SXSW Film Fest Kicks Off Big With VR Everywhere and Uber MIA

Popcorn movies, headsets abound as Hollywood invades Austin

Hollywood has taken over Austin for the SXSW Film Festival, where VR is everywhere, Uber is banned — and the humidity doesn’t make the many lines feel any shorter.

Everything’s biggest in Texas — including the presence of studios like A24, riding high in the saddle after winning the Best Picture with “Moonlight.” We’ve been promised everything from nuanced indies to Tom Cruise frolicking in a virtual anti-gravity chamber. We’ll see if all the promises are all hat and no cattle — or if South by Southwest can drive us home.

Keep Austin Weird? That Was Last Year

The 2016 SXSW lineup felt much more experimental: A lot of the talk was about the Go-Pro innovation of STX’s “Hardcore Henry,” the water-testing Warner Bros. comedy “Keanu” from Keegan Michael Key and Jordan Peele and the lo- budget, high-brow mystery of Jeff Nichols’ “Midnight Special.”

This year it feels like the major players wants butts in seats. Sony Pictures has two big bets, the first being “Baby Driver” — which sees Ansel Elgort as a stunt driver who needs a fully stocked playlist to pull of his tricks. It costars Jon Hamm, “Cinderella” star Lily James and Kevin Spacey.

Then there’s Jake Gyllenhaal and Ryan Reynolds’ “Life,” which is slated as the festival closer. It finds the stars battling a rapidly growing life Martian life form on the International Space Station.

This year, instead of “Moonlight,” A24 is serving up the throwback action comedy “Free Fire,” starring Brie Larson and Armie Hammer in the popcorn-friendly tale of an arms deal gone wrong.

And Universal Pictures will debut its low-key but heavy hitting spy thriller “Atomic Blonde”starring Charlize Theron.

The indie spirit is alive and well, even if a studio is the one distributing. Many are curious to see Warner Bros.’ work-in-progress screening of James Franco’s “The Disaster Artist” this week. The director and star recruits his brother Dave Franco to tell the story of what many consider the worst contemporary film ever made — “The Room.”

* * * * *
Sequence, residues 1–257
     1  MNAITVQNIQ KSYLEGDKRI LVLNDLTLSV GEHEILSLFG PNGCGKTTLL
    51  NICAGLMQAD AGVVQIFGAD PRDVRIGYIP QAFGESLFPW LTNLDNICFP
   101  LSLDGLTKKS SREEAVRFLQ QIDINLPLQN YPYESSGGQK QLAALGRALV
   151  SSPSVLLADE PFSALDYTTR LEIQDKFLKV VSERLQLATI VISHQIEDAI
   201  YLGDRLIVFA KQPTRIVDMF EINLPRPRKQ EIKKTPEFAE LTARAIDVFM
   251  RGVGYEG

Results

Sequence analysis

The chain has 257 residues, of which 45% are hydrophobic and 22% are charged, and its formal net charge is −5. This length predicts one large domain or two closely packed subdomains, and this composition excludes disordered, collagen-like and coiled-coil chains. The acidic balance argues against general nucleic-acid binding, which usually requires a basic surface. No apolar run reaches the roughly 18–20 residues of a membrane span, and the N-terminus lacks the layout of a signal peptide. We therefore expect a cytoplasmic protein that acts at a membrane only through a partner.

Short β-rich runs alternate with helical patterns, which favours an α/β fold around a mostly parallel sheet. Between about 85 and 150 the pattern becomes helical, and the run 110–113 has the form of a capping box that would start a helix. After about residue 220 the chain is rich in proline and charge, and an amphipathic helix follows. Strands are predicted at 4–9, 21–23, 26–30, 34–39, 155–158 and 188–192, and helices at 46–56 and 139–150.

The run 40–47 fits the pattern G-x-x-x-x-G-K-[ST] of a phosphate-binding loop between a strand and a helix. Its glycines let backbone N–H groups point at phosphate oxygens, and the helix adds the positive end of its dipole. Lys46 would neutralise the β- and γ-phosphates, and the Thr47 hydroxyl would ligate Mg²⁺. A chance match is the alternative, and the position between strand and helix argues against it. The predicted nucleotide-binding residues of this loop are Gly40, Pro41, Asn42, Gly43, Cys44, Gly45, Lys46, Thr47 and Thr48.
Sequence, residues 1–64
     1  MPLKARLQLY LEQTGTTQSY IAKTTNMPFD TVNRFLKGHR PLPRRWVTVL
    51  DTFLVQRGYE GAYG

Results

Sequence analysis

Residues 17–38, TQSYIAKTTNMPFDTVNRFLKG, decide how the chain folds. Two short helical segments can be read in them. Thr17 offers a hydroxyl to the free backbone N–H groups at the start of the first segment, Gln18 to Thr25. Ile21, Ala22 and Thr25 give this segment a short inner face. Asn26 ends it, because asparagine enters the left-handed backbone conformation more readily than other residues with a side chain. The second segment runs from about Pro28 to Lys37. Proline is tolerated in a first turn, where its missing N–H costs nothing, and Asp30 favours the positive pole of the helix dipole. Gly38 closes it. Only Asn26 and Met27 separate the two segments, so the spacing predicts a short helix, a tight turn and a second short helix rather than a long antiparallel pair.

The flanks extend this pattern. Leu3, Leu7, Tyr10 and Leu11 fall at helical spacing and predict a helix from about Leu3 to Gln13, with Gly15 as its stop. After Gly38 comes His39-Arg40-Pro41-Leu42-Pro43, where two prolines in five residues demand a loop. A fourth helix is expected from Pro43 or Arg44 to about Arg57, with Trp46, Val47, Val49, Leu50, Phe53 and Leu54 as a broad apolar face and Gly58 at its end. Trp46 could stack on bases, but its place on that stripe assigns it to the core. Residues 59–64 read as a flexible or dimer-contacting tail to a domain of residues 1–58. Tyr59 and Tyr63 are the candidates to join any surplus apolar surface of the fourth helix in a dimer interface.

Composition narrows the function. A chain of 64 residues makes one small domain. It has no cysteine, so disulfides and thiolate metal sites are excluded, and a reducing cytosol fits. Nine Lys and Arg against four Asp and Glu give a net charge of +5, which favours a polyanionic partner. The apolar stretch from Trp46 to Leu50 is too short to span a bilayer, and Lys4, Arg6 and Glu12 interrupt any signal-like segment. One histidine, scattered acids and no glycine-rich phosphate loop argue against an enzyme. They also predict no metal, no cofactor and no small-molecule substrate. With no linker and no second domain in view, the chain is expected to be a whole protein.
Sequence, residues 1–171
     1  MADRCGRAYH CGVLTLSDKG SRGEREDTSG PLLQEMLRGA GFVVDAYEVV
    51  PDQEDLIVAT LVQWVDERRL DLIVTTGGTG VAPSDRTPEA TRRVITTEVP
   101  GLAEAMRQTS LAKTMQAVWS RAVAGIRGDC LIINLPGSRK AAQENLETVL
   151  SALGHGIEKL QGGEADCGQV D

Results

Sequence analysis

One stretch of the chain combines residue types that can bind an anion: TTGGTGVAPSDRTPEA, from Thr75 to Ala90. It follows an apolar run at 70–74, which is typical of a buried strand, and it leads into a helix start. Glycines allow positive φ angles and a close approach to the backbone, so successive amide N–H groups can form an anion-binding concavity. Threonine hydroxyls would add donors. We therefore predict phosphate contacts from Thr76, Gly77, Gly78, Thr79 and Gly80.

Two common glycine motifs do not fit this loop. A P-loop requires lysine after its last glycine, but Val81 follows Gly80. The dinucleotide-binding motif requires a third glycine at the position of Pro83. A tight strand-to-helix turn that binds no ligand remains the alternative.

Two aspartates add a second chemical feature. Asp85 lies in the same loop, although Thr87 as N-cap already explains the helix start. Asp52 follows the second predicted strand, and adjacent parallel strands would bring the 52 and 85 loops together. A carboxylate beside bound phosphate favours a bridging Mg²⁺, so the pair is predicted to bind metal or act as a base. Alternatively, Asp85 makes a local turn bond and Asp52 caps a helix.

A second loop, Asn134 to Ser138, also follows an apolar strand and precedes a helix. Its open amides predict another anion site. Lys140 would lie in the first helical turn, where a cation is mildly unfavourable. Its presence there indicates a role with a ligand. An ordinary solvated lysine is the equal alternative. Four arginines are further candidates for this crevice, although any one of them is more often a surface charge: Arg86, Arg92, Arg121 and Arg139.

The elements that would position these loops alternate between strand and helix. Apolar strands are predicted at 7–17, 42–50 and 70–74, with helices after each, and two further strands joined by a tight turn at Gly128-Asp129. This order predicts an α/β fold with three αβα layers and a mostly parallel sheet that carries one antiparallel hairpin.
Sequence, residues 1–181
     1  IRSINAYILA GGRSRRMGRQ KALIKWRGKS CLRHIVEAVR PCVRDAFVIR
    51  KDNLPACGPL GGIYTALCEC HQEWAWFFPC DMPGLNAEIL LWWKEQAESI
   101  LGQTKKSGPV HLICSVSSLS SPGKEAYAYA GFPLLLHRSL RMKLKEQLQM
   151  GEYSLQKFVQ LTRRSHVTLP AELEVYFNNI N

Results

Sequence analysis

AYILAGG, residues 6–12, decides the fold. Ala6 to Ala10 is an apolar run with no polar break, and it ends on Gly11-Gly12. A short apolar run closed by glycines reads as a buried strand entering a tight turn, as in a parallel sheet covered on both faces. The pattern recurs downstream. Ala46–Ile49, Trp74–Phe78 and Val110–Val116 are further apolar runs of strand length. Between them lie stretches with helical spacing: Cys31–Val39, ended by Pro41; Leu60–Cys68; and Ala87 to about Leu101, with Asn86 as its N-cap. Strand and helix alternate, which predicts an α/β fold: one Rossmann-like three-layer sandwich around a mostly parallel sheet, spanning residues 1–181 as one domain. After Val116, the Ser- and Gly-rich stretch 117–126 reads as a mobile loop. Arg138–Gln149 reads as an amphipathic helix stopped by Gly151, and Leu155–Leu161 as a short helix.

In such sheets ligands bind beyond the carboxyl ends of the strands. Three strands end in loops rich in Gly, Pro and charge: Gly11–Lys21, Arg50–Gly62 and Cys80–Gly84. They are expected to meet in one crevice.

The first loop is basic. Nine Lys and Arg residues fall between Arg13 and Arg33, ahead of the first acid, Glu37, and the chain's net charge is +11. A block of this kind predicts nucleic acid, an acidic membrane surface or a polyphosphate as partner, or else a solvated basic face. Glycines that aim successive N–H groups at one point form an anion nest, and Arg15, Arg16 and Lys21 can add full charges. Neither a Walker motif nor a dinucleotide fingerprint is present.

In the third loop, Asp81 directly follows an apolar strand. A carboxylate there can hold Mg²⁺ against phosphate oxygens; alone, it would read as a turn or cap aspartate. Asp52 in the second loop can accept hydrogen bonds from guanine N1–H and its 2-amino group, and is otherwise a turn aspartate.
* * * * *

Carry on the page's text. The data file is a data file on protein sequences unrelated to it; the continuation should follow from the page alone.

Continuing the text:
Broad Green, which has pivoted to tentpole releases of late, is opening the festival Friday evening with Terrence Malick’s latest “Song to Song.” The music drama is set in Austin, and was shot in 2011 with a dazzling ensemble that includes Rooney Mara, Ryan Gosling, Michael Fassbender, Cate Blanchett, Benicio Del Toro and Christian Bale.

The annual secret screening has not yet been revealed, but word is this title will not see its world premiere in Austin — which would mean it’s been screened abroad at a prior fest.

Virtually Everywhere
VR, AR and everything in between are using the Austin Convention Center to conduct an industry litmus test before asking consumers to spend big on new content and gear.

Universal Pictures has booked Cruise to show up with his “The Mummy” costar Annabelle Wallis to participate in a group VR experience that is supposed to simulate an anti-gravity chamber. Civilians will take in the experience with the movie stars.

VR company Within, run by field innovator Chris Milk, is showing demos of a buzzy project called “Life of Us” — another shared VR experience where multiple users experience the evolution of humanity. It includes molecules, dinosaurs, and the world’s most advanced life form: humans wearing skinny jeans and headsets.

A VR film titled “Buzz Aldrin’s Cycling Pathways to Mars” sees the iconic astronaut take users to Mars — a visual scaled to the dimensions of an entire screening room. Saban’s “Power Rangers” film setup at Lionsgate will offer a VR tour of one of the ninja-bot suits the characters use in the film. There’s also a “John Wick” VR demo.

Next week, SXSW will host a formal panel titled “Hollywood Goes VR,’ with IMAX chief business development officer Rob Lister and Skydance Interactive president Peter Akemann.

Fasten Your Tolerance for Party Chatter
Uber and Lyft are banned in Austin thanks to ballot measures in place through May, forcing habitual users to download Austin’s local apps like Faster, Get Me or Fare.

“What did you use to get here?” has been asked of TheWrap at least 20 times, in what feels like a Texas spin on the “Saturday Night Live” skit “The Californians.”

In a larger context, however, what a bad run for Uber: booted from flying choppers at January’s Sundance Film Festival, under fire for allegations of rampant systemic sexism, boycotted for its willingness to work with the Trump administration, embarrassed by a candid-camera rant from its CEO — and caught up in fisticuff allegations involving TJ Miller.

As they say in the South — bless their heart.

Get TheWrap’s ongoing SXSW 2017 coverage here.